It’s important for me to be completely transparent about how we intend to make money at Bearable, as it is inextricably linked to our values and responsibilities as a company, not least due to the sensitive nature of information our users will be recording in our app.
This is something that has become even more relevant in recent years, after the scandal with Facebook and Cambridge Analytica, who were selling and exploiting people’s data in a completely non-transparent and unethical way, which resulted in an understandable lack of trust in companies’ handling of personal data.
With this in mind, I want to emphasise that we will never sell our users’ data to anyone. Companies tend to resort to this out of desperation or greed.
So how do we intend to maintain the balance of making enough money whilst still retaining our integrity and ethical principles?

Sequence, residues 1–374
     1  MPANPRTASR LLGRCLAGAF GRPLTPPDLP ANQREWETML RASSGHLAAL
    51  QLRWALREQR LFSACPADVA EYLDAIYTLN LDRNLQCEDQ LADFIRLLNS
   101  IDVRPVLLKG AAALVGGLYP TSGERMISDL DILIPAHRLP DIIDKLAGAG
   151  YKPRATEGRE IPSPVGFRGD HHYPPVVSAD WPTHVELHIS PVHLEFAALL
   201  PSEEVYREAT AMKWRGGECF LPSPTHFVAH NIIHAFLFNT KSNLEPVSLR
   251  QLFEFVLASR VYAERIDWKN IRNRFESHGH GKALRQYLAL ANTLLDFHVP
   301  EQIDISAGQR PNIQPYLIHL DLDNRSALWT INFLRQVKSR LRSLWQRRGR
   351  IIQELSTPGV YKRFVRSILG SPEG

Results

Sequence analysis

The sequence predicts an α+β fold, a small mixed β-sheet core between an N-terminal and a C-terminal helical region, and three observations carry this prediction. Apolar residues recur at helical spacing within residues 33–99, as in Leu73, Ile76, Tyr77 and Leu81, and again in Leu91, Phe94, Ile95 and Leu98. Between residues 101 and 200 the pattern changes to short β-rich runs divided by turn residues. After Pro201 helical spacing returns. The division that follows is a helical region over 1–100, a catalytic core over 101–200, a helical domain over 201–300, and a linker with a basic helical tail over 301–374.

- Our main goal is to try and improve people’s lives by helping them to reclaim control over their health. This is paramount and will never be sacrificed for greed. In order to facilitate this main goal, we need to make at least enough to maintain the app and make incremental improvements based on our users’ feedback and requests.
- There needs to be a business-minded approach. We would be doing an injustice to our users and ourselves by going into this without any financial structure, as any benefits people might get from the app would be unsustainable if we ultimately ran out of money.
- We want to be affordable for all, whilst also providing a free version that allows users to still experience most of the app’s most useful features.
It’s been quite eye-opening going from app user to app provider. I was once someone who questioned the ethics of app providers (particularly health-related apps) in charging a subscription for their product. However, now that I’m on the other side, I’ve become much more understanding, having truly seen the number of resources required to create and, more importantly, maintain an app. I personally now try to compare app subscription prices to the benefits of other products I spend money on. For instance, if I think I’ll derive more lasting benefits from using an app almost every day for a month than say, one or two similarly priced cups of coffee, then it’s clearly worth it for me.